We did make a teepee (actually many different versions with different materials....took us awhile to figure out how to get it as tall/big as we wanted).  We made Barbie-sized canoes.  We made bread.

On my example page it talks about making a hornbook.  We didn't make this one, but, it was interesting to read about it.  Even if it was something we chose not to do or if we didn't have the materials on hand to do was always, always, always, an interesting read.

You don't have to do these extra activity ideas, but they were a super fun bonus for us.

We love history around here already, but I have to think that these extras might be just the thing for a reluctant history student.  It really just makes it much more real and not just random stories being told that you are supposed to memorize.  You can really see and feel what it may have been like to be inside of history....and be a hero or heroine.

(One of our early incarnations of a teepee.....later versions fit more than one person....but I didn't get a picture of those!  They were popping up all over....just ask Rainman how mad he got one day, when he was looking for a broom to actually use for sweeping the floor....and couldn't find one because they were all "in use". That was the day construction of teepees were banned from our household!)

For your older students, there are additional literature assignments available.  We didn't use any of these since A-man is in 3rd and S-girl is in 1st.....but it is nice to know that when they are older there is a way to dig even deeper into the people of history.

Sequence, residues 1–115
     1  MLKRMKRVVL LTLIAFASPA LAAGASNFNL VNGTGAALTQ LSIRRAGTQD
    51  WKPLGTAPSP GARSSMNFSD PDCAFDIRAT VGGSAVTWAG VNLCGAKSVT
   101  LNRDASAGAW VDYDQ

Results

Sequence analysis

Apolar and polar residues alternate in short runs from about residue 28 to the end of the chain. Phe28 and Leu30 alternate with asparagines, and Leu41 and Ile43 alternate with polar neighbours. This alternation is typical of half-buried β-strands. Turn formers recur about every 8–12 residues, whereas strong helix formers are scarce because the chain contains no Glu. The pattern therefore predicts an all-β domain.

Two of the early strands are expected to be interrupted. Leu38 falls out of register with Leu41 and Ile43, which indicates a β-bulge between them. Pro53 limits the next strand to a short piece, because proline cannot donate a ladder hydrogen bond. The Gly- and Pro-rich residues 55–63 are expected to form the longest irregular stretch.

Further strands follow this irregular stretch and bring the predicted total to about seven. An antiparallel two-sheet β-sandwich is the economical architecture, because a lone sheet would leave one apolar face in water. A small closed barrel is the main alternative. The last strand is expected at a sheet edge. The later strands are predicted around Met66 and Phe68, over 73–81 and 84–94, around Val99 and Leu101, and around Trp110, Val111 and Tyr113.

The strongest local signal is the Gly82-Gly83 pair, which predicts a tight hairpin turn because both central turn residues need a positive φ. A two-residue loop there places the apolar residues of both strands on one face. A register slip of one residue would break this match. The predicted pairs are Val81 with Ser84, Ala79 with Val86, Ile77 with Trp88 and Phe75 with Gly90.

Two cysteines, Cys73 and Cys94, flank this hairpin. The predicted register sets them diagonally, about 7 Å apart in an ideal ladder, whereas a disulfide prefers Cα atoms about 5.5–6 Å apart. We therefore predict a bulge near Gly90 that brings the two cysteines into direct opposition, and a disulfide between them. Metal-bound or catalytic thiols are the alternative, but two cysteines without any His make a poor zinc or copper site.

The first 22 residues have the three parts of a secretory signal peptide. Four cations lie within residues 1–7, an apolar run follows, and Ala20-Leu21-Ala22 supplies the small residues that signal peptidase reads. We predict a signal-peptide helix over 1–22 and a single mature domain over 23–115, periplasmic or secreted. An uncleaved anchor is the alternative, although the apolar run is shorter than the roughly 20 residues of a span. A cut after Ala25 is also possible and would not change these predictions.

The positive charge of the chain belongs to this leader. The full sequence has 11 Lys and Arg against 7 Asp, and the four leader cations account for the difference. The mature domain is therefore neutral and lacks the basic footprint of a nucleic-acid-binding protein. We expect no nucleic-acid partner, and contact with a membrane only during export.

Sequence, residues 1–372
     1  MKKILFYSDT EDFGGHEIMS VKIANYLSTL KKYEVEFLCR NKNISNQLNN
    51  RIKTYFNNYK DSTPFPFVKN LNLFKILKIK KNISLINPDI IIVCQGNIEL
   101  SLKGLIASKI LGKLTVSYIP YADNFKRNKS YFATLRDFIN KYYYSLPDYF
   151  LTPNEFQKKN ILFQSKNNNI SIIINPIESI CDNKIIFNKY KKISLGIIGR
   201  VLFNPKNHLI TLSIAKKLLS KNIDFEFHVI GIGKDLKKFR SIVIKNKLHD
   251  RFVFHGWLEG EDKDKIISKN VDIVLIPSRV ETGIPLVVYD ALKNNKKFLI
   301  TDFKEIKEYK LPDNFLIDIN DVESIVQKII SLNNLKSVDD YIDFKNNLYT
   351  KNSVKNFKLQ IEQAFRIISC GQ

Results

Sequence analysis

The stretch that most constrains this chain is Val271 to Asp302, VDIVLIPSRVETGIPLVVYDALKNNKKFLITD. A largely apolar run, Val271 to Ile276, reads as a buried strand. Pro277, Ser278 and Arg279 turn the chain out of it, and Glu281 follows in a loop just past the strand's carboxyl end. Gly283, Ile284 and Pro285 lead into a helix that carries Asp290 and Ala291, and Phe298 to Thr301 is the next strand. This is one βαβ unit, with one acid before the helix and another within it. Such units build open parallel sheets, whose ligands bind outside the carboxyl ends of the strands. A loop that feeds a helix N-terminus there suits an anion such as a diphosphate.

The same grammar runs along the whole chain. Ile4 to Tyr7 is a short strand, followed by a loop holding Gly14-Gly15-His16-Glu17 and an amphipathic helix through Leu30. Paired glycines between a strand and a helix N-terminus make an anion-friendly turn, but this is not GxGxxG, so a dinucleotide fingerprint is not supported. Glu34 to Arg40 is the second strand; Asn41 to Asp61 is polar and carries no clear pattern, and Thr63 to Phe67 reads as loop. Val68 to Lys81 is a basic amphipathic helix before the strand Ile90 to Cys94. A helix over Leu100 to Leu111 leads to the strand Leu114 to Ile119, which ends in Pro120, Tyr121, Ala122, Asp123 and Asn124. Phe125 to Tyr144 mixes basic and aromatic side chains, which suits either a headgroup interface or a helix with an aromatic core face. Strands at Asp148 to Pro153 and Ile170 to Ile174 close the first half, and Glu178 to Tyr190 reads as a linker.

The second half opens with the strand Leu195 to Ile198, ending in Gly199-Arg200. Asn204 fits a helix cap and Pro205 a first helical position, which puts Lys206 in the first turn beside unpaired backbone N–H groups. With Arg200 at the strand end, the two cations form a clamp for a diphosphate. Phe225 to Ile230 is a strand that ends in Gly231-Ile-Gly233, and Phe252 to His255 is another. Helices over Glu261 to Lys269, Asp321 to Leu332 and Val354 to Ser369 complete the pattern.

This is a truly unique history and geography course.

It is unique in its style of presentation and the way it tells the stories.

It is unique in that it focuses on the "people" or heroes/heroines in history...not just events.

It is unique it all the extras(  that are available to make it a more interesting and complete view of history.....without the parents having to go search them out.

It is unique in that most of the work for the teacher is already completed.  The music is right there.  The recipes are right there.  The crafts/instructions are right there.

I will say, ebooks are hard for me/us.  The kids would have to look over my shoulder as I read to them on the computer.  They would have to look over my shoulder to see pictures and maps.  It was annoying.  If I had it to do over again, I would get a hardcopy of the textbook and keep all the extras as downloads.  But, I am probably old fashioned and too low tech to appreciate the ease of accessing curriculum this way.  That is really my only negative thought about this product.

I loved this course.

I loved the music.  I loved the historical video available.  I love that my kids are planning to work on one of the skits and film it.  I loved the recipes.  I loved the crafts.   I even love that teepee construction is banned in our household.  

You can try this truly unique digital curriculum of Heroes and Heroines of the Past:  American History for $98.99.

Take a look at what other TOS Reviewers thought of Heroes and Heroines of the Past:  American History.